A Tale Of Two Maines: Subprime Lending Or Predatory Lending?

Is subprime lending good for the local economy in Maine? The answer is – it depends who you're asking.

Earlier this year, the Center for Responsible Lending (CRL) issued a survey that determined predatory subprime lending cost Maine $23 million a year. The CRL survey, conducted by Coastal Enterprises Inc. (a Maine-based nonprofit community development corporation), stated that rural areas and minorities were particularly targeted for predatory practices.
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However, the New England Financial Services Association (NEFSA), a regional trade association, feels otherwise. In October, NEFSA issued its own survey that claimed subprime lending is not destructive to the Maine economy – rather, it is a critical factor in the state's economic well-being.

In reading the surveys and speaking with representatives of both groups, one can assume there are two very different Maines.

The CRL is using its survey to advocate increased state regulation of subprime lending, which the organization views as the foundation for predatory lending activities. However, NEFSA argues such regulations would result in diminished credit opportunities in Maine. The NEFSA is using its survey to predict that available mortgage credit in Maine under CRL-backed regulations ‘would probably shrink by 15-20%, or about $200-$400 million, each year.’
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According to Uriah King, policy associate with the CRL, that argument doesn't hold water. ‘It's a fundamental assumption that we take issue with,’ he says. ‘The most recent research flatly and unequivocally said that's not true. We found no reduction of available credit in many states with protective regulations. In fact, we found the loan volume went up.’

James M. Demers, president of the NEFSA, points to subprime lending as a key factor in the Pine Tree State's business climate.

‘Subprime lending pumps $2 billion a year into the state's economy,’ says Demers. ‘That's approximately 4% of the state GDP, which has a gigantic effect on Maine's economy.’

Demers observes that subprime lending is not wholly synonymous with predatory lending, and any attempts to regulate the latter could damage honest subprime lenders. ‘If a problem exists, we need to address it,’ he says. ‘But we don't need to overreact and hurt the people we want to help. And subprime lending is a significant credit option that many borrowers are looking to.’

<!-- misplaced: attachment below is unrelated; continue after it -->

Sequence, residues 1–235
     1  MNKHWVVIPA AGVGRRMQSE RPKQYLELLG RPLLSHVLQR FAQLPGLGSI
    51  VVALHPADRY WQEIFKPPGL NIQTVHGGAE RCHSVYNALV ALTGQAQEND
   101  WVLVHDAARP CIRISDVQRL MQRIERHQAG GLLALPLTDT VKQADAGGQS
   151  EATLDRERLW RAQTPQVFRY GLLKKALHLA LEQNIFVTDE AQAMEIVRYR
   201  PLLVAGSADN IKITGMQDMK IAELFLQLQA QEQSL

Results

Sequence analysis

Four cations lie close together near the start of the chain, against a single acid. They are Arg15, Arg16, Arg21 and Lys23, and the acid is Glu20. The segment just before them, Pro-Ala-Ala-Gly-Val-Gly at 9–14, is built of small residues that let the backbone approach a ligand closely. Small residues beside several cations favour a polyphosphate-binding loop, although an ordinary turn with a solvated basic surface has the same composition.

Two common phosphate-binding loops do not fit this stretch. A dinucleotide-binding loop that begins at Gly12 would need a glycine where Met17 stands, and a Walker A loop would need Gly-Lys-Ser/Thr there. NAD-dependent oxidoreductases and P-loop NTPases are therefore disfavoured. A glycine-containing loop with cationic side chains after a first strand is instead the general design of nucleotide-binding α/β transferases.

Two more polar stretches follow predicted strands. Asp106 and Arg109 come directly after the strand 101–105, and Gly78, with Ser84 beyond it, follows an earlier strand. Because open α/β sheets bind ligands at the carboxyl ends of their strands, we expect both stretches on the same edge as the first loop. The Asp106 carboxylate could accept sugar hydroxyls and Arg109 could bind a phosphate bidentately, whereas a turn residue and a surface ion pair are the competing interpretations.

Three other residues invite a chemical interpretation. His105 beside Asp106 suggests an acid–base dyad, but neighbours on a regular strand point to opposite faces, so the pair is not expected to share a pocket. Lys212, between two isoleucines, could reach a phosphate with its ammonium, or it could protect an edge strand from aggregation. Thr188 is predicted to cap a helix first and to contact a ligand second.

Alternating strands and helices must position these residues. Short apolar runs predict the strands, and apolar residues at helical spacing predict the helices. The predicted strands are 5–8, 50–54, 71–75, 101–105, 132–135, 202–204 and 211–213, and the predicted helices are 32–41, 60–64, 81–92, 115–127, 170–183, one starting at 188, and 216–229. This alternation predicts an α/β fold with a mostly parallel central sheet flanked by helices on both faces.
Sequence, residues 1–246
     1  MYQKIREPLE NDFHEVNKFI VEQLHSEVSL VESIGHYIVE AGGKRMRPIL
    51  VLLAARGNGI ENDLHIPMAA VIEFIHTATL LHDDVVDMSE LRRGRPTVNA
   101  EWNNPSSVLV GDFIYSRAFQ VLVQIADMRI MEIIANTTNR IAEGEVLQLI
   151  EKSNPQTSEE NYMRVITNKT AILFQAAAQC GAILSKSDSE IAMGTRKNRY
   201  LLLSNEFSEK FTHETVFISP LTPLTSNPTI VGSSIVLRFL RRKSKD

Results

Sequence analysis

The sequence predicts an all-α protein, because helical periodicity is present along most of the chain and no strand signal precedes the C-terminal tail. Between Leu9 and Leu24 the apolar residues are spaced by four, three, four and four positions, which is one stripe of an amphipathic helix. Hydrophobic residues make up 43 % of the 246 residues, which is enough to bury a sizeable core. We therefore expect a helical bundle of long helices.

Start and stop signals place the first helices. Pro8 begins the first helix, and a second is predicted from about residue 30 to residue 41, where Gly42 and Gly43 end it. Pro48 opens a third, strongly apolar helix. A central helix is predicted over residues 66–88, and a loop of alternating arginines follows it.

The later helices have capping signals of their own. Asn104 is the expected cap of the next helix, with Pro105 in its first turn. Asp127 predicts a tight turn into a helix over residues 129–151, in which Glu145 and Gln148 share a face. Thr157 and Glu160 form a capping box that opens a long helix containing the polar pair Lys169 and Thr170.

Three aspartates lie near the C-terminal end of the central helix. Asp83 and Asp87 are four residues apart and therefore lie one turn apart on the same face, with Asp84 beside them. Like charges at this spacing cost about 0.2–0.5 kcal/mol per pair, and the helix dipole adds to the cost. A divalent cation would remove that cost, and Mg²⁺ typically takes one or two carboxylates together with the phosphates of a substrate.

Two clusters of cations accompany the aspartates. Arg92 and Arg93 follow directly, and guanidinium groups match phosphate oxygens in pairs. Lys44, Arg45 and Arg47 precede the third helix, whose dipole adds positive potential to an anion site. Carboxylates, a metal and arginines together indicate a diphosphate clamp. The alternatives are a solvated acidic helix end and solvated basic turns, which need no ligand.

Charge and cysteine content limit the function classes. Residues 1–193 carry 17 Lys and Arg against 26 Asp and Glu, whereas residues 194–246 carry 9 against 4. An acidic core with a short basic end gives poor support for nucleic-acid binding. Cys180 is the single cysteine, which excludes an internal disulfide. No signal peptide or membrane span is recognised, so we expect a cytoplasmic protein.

But who exactly are the borrowers seeking subprime loans? The rival surveys have contradictory findings.

According to the NEFSA's report, ‘subprime credit is predominantly for the middle class and wealthier borrowers. Most of those who obtain subprime mortgages in Maine have incomes close to or over Maine median household income. Maine's median household income in 2004 was $42,163. For example, 65% of higher rate subprime mortgages were for borrowers with incomes over $50,000, and 35% had incomes over $75,000.’

NEFSA adds that only 16% of subprime borrowers had incomes under $35,000. ‘Residents of the poorest counties in the state were the least likely to use subprime mortgage credit,’ the report adds.

Yet the CRL report finds something completely different. ‘The majority of Maine subprime mortgage originations are in rural areas,’ says the CRL report. ‘Between January 2004 and May 2005, 52% of Maine's subprime originations were in rural parts of the state, while only 42% of Maine's population is rural. In fact, Maine ranked fourth in the nation for the percentage of subprime loan originations in rural areas.’

The CRL also found racial disparity in subprime lending. ‘African-Americans got 31.3% of their home purchase loans from subprime lenders, compared to just 6.9% for whites, for a disparity ratio of 4.5 (31.3/6.9),’ the report states. ‘In other words, African-Americans were 4.5 times more likely to receive a home purchase loan from subprime lenders than white borrowers.’ The report also noted disparity among the state's Hispanic and American Indian population compared to white borrowers.
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But the NEFSA counters the CRL's claim by noting the overall racial demographics for the state. ‘Based on their low proportion of the population, we would expect that minority borrowers do not have a large impact on the higher rate market, and the 2004 HMDA statistics bear this out,’ says the NEFSA report. ‘In 2004, only 158 higher rate loans were made to racial minorities, which amounts to only 1.8% of the higher rate loans made that year, and well below the 3.1% of the Maine population that is a racial minority. Hispanic borrowers received only 85 higher rate loans, or only about 1% of the loans made. White, non-minority borrowers, 96.9% of the Maine population in 2004, obtained 97.3% of the higher rate loans.’

So who's winning the fight in Maine in regard to tougher lending regulations? Demers says his group is gaining in the hearts and minds campaign with the statehouse. ‘The reaction has been very positive, and legislators we spoke with want to move forward with a more balanced approach to dealing with any predatory lending,’ he says.

But the CRL's King says his group also has statehouse support. ‘Governor John Baldacci instructed that regulations based on our findings be made next year,’ he says.


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